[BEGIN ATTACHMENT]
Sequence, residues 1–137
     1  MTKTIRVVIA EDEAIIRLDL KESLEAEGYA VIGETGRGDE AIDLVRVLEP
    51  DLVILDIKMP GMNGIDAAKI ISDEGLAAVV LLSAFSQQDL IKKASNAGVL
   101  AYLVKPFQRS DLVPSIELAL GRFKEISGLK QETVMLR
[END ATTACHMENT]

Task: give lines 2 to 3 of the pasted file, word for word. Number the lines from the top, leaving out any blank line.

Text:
     1  MTKTIRVVIA EDEAIIRLDL KESLEAEGYA VIGETGRGDE AIDLVRVLEP
    51  DLVILDIKMP GMNGIDAAKI ISDEGLAAVV LLSAFSQQDL IKKASNAGVL